Mazda wiped out by atomic bomb

Mazda's history tells the tale of a car manufacturer that once faced a setback of 15 years due to the devastating atomic bomb dropped on Hiroshima by the United States. However, it miraculously rose from the rubble and emerged stronger than ever.


“Wiping out” and rebirth

Mazda was established in 1920 in Hiroshima, Japan under the name Toyo Cork Kogyo Co., Ltd. By 1927, the company changed its name to Toyo Kogyo Co., Ltd. At that time, Toyo Cork Kogyo mainly manufactured machinery. In 1929, the company produced its first automobile engine, and in 1931, Mazda exported 30 three-wheeled cargo vehicles to the Chinese market.

Mazda was once

Mazda produced its first sedan in 1940, but had to stop due to World War II. On August 6, 1945, an atomic bomb dropped by the United States destroyed the entire city of Hiroshima, including Mazda Motors’ factory. The name Mazda was wiped out for 15 years.

Mazda was once

In 1959, Mazda made a comeback after the reconstruction period. In the early 1960s, Mazda focused its resources on researching and developing the Wankel rotary engine to differentiate itself from other automakers in Japan. Mazda became the only car manufacturer to use the Wankel rotary engine when it first introduced the Cosmo sports car in 1967, and the RX-7 model continues to exist to this day.

Given the commercial success, Mazda completed a passenger car manufacturing plant in Hiroshima in 1966 and started exporting to the US market. In 1970, Mazda officially entered the North American market under the name Mazda North American Operations and has been very successful in this market.

The 1973 oil crisis posed many challenges for Mazda, and this was the reason for the long-lasting relationship between Ford and Mazda. The first cooperation between the two companies was marked by the Ford Escape and Mazda Tribute models, which were sold in many places around the world and were very successful.

Continual innovation

Mazda switched to producing piston engines and manufactured a series of I4 engine models throughout the 1970s. Not wanting the rotary engine to be completely eliminated, Mazda shifted its focus to producing sports cars for car enthusiasts.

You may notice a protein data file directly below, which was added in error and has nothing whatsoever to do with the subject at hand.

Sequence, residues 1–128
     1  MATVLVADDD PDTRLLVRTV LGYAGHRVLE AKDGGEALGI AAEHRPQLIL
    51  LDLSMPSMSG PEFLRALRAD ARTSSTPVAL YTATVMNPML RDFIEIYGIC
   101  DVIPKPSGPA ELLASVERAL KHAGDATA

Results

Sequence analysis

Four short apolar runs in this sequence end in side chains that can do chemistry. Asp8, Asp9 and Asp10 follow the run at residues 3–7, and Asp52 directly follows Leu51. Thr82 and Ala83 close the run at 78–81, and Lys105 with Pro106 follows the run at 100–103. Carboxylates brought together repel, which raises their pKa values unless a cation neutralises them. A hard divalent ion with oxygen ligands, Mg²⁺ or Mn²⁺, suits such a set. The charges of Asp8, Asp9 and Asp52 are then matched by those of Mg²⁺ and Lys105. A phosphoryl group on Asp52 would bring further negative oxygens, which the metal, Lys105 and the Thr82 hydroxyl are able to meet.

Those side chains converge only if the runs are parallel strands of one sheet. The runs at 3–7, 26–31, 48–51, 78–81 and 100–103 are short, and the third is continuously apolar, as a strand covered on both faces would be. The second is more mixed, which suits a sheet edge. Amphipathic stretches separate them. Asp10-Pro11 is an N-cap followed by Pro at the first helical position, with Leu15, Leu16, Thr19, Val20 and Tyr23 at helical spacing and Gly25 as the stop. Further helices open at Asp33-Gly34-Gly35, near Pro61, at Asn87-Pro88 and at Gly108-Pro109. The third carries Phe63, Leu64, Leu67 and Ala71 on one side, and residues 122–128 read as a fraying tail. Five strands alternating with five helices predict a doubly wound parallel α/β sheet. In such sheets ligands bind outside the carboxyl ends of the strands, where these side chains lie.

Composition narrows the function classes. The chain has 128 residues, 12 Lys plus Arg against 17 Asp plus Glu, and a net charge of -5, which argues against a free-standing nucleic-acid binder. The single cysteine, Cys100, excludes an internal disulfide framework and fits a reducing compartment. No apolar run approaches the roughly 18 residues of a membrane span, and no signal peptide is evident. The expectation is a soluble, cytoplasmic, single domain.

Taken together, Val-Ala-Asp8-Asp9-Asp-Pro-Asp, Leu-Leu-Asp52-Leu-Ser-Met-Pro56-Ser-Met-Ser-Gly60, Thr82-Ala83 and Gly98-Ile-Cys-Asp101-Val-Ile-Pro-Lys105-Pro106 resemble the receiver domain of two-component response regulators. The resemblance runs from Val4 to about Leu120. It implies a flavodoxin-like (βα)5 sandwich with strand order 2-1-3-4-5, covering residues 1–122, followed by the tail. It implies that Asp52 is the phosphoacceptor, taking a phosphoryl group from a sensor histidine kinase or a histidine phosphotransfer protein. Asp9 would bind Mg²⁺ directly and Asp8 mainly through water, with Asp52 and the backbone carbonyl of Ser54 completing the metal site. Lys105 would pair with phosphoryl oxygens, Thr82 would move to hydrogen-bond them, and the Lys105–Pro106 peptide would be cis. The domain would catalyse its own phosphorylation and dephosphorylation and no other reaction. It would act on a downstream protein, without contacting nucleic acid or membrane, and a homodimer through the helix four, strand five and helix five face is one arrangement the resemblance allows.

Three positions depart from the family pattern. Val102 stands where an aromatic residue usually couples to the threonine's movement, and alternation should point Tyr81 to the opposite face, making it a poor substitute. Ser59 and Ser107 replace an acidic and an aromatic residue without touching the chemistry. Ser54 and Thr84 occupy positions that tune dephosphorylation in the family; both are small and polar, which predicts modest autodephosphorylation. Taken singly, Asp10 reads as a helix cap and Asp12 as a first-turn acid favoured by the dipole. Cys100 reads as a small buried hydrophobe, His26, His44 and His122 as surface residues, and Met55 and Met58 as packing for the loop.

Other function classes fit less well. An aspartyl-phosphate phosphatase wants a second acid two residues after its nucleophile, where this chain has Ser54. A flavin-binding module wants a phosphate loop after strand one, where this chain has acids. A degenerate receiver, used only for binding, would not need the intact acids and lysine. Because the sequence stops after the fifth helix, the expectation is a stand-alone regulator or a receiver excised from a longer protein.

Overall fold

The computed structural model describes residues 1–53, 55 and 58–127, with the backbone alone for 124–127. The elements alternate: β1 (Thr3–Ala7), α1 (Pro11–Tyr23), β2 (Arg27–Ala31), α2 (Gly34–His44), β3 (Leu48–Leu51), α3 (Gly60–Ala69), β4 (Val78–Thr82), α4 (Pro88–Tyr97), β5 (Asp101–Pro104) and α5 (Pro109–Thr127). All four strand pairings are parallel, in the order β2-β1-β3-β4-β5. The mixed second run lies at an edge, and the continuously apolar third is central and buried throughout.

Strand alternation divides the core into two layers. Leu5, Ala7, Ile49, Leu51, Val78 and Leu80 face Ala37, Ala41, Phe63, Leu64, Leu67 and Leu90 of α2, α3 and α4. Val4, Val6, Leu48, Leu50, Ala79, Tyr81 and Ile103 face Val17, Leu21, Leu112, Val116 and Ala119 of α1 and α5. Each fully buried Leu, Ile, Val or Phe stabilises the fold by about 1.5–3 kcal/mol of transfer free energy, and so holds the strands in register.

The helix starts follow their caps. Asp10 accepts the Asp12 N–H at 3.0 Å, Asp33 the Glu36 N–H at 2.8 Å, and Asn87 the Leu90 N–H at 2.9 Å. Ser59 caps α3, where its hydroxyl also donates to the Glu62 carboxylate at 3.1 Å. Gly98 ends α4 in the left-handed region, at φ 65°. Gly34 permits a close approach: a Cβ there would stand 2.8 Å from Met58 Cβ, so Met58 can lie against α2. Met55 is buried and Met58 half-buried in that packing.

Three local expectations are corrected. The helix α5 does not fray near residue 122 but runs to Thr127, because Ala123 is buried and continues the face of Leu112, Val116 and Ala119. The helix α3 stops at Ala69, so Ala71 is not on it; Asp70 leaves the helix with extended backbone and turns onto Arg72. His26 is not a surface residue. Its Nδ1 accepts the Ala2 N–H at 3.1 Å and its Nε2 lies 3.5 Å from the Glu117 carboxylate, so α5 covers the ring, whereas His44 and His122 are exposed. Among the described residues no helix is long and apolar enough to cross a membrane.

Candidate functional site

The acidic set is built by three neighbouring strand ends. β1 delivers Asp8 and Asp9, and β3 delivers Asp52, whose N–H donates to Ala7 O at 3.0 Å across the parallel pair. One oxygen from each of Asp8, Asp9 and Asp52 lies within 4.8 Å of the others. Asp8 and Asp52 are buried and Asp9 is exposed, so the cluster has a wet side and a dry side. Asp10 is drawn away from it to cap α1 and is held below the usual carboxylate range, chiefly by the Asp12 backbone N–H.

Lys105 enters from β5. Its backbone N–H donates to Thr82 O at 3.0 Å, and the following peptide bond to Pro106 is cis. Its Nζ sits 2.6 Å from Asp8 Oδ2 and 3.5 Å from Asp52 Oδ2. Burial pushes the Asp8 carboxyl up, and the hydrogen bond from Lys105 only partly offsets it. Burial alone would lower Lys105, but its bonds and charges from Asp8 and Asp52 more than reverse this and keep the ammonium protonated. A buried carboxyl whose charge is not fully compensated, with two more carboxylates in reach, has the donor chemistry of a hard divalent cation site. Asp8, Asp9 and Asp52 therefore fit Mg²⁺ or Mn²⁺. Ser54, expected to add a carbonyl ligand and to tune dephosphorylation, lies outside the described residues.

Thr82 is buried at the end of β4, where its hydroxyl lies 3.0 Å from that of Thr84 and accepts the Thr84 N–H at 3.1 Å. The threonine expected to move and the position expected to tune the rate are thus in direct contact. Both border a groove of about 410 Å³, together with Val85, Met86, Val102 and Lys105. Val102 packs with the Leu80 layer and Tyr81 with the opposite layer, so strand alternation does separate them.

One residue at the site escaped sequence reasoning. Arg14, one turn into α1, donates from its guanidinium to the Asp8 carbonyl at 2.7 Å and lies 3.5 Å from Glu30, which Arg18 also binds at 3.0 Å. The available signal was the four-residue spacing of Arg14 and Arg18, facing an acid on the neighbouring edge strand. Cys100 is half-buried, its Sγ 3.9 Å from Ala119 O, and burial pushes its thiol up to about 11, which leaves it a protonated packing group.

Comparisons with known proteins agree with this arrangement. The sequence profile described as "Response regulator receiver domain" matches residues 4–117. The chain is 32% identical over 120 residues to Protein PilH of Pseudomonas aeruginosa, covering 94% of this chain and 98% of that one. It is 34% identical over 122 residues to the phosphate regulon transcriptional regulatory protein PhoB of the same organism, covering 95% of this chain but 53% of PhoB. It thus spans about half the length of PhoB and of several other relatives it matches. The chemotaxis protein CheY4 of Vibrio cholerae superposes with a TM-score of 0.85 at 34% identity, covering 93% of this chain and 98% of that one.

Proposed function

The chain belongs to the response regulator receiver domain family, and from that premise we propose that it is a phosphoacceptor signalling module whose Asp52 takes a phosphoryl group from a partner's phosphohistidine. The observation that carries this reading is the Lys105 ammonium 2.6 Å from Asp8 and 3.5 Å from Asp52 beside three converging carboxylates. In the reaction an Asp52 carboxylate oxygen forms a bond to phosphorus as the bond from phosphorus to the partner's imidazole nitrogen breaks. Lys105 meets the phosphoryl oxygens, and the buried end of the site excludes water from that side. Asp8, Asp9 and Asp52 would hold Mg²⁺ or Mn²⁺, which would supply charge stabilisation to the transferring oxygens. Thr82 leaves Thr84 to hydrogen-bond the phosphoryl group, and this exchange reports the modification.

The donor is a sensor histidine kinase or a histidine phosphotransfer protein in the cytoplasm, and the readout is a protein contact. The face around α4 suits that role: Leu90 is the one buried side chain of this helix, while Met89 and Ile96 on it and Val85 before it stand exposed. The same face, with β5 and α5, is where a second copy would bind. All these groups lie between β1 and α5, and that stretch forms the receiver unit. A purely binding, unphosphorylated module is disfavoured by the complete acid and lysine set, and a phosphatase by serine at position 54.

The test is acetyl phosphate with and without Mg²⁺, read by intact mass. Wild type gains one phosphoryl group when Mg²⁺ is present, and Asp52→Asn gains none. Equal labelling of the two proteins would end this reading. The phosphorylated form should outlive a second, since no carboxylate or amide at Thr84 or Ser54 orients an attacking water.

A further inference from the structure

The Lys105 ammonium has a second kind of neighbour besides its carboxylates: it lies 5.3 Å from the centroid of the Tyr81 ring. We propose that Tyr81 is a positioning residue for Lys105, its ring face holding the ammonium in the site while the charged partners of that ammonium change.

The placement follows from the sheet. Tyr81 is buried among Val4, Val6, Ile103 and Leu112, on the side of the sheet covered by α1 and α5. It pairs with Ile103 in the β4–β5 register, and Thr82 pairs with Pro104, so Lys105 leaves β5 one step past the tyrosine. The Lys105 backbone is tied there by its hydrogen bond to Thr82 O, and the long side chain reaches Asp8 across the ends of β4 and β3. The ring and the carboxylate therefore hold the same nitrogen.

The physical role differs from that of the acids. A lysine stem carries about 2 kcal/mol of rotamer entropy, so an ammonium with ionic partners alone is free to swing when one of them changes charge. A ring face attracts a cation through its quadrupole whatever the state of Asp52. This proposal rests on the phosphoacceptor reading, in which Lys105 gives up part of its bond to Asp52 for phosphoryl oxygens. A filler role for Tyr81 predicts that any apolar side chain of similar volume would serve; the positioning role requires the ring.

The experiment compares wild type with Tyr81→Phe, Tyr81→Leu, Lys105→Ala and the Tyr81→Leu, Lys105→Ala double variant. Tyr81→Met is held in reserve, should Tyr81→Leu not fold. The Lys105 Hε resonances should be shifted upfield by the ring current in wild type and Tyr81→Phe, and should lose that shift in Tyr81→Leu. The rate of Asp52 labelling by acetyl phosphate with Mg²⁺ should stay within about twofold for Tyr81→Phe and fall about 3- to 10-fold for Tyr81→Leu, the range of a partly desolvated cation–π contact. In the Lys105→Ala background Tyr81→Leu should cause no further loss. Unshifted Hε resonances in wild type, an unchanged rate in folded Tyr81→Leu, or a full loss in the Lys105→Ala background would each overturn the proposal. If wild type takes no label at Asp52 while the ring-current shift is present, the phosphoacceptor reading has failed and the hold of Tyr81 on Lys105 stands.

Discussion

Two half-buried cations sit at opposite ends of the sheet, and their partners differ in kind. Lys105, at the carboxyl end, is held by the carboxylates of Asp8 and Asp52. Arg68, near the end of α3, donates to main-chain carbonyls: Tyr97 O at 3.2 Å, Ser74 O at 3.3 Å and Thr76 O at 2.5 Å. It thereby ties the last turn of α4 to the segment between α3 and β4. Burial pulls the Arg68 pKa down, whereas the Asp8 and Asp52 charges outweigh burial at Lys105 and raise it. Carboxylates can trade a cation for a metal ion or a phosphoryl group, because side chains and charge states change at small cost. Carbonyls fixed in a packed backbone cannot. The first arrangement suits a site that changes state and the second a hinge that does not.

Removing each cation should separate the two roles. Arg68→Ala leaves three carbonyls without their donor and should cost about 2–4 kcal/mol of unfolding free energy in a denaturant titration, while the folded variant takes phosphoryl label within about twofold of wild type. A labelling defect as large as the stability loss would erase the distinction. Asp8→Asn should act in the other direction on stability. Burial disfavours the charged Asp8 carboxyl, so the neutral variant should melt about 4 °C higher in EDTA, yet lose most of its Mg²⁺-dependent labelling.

The Mazda sports convertible line (known worldwide for the MX-5 or Miata model) was launched in 1989. By May 2000, the Guinness World Records certified Miata as the best-selling sports convertible in the world with sales of 531,890 units in 10 years (from April 1989 to October 1999). By 2007, sales had exceeded 800,000 and continue to grow to this day. The current Miata model on the market is the third generation.

In 1992, Mazda introduced a new emblem on the grilles of the Mazda 323 and 626 – cars that are still quite popular on the streets of Vietnam.

Mazda was once

Continuing to pursue a passion for high-tech engines, Mazda introduced the first Miller cycle engine in 1995 and used it to manufacture the luxurious Millenia sedan. Mazda has subsequently introduced a range of new models and achieved significant commercial success with models such as Mazda 2, Mazda 3, Mazda 6, Mazda CX-9, Mazda MX-5, and Mada BT-50…

In early 2012, once again, Mazda caused a sensation worldwide by officially launching the all-new CX-5 with the completely new SkyActiv technology – a revolution in improving fuel efficiency. Alongside the KODO design, the CX-5 became an appealing model and caused a global craze just four months after its debut.

Mazda’s tireless wings continue to soar to conquer the peaks of the global automotive industry with cutting-edge technological advancements and class.

Khanh An (Trithucthoidai)